Advice from… Dan Savage?

04.20.2011, 5:29 PM

Dan Savage, the brilliant and foul-mouthed sex columnist, has become one of the most important ethicists in America. Are we screwed?

He’s not brilliant, for one thing. I started reading the guy twenty years ago in The Stranger when I was just another twenty year old kid living in a rooming house in Seattle looking for a good time.

I find his column about as “brilliant” and enlightening as Randy Cohen’s “Ethicist” column in the NYT Magazine. Ie, not.

Give me Carolyn Hax any day.


6 Responses to “Advice from… Dan Savage?”

  1. Jeffrey says:

    Give me Carolyn Hax any day.

    I wonder if this is a gendered thing? I find Hax to be wishy-washy and inconsistent, but her questions are probably 90% from women. I think she understands women a lot more than she understands men.

    I realize the same can be said about Savage (including Maggie Gallagher’s recent catty comments about him not knowing a thing about women) but I find he is at least consistent and clear.

    Savage is a much more skilled writer, which is probably what makes him a better read.

  2. Tasha says:

    You realize that Randy Cohen no longer writes the NYT’s Ethicist column, right?

  3. ki sarita says:

    Savage is thoroughly entertaining and his column is filled with good common sense. But I agree; I don’t see that as qualifying for the genius label.

  4. Wendy Wartes says:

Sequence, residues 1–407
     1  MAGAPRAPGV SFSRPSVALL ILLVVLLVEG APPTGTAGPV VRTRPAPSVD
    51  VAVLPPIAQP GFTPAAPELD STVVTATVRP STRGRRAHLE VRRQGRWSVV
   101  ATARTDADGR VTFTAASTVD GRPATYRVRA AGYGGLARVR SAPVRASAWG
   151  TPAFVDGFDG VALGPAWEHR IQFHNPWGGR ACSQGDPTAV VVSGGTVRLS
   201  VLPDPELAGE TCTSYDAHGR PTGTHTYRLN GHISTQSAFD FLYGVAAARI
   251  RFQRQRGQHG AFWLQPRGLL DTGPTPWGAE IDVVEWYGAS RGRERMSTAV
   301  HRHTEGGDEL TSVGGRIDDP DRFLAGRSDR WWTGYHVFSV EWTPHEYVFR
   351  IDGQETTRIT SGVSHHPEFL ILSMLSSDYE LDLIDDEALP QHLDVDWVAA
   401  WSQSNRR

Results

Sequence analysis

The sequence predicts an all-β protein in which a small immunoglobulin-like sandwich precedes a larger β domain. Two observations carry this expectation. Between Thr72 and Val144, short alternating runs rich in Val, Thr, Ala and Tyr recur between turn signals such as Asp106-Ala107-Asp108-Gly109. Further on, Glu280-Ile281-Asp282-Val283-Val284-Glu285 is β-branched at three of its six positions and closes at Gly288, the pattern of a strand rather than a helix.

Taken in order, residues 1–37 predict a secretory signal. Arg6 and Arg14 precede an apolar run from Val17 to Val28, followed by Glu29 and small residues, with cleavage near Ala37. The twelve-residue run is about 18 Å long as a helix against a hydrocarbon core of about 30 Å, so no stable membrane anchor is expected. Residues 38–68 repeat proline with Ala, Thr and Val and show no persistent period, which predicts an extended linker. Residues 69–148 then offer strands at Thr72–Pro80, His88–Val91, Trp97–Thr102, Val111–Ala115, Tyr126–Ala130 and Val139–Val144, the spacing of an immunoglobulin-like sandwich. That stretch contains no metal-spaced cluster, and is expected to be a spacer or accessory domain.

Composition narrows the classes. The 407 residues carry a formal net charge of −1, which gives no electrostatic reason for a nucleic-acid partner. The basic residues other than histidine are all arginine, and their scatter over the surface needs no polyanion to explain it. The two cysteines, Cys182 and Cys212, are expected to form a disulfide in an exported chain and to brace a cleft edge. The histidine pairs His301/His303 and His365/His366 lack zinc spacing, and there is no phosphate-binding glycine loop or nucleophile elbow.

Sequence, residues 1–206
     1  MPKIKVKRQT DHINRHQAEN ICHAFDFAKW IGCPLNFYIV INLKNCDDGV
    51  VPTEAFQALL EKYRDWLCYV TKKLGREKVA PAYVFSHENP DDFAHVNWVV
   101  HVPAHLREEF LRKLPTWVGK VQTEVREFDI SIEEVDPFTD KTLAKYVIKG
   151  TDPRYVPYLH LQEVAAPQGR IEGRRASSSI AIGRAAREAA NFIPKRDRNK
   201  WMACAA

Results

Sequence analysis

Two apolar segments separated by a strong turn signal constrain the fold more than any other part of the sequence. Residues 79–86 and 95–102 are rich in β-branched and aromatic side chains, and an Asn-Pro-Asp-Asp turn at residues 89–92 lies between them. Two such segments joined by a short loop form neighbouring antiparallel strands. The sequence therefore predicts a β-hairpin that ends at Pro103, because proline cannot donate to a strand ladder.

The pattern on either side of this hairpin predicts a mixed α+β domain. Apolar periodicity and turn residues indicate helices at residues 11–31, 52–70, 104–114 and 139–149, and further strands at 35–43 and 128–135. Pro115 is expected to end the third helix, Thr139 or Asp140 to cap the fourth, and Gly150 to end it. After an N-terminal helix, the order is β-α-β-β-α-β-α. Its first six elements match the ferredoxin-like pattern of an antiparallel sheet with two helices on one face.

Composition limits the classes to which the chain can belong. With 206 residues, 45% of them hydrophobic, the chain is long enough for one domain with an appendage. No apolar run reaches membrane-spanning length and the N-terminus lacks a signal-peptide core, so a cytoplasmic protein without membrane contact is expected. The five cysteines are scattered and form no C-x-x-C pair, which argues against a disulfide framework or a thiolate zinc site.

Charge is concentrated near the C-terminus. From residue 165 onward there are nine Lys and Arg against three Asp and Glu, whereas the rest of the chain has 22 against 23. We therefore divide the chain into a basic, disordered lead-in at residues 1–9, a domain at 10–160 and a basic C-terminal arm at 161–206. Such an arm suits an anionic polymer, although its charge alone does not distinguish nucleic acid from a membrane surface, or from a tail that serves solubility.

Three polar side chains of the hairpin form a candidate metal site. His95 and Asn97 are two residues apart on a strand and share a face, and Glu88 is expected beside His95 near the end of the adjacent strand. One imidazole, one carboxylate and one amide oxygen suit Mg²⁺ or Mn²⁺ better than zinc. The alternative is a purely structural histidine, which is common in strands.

My grandparents and parents were married 65 years. I’ve been married to my husband for 42. Why wouldn’t my four kids all aspire to be married? Why would one think marriage is not for him? Oh right, because Maggie says he’ll ruin the institution if he gets married. Ion’t think so. I’ll believe Marquardt and others care about marriage when they work as hard to keep heterosexual couples married as they work to keep gay couples unmarried. And this old straight woman loves to read Dan’s columns.

  5. On Lawn says:

    Wendy,

    What do you mean exactly by “keep them unmarried”?

  6. Anna says:

    I agree with Jeffrey that Hax is wishy-washy, but her cartoonist is brilliant. Often it’s funny because the cartoonist is saying something totally different than Hax – usually because Hax is so down on the idea of permanent commitment so fixated on the sacred obligation to do what’s best for ME right now, whereas the cartoonist has more normal human instincts.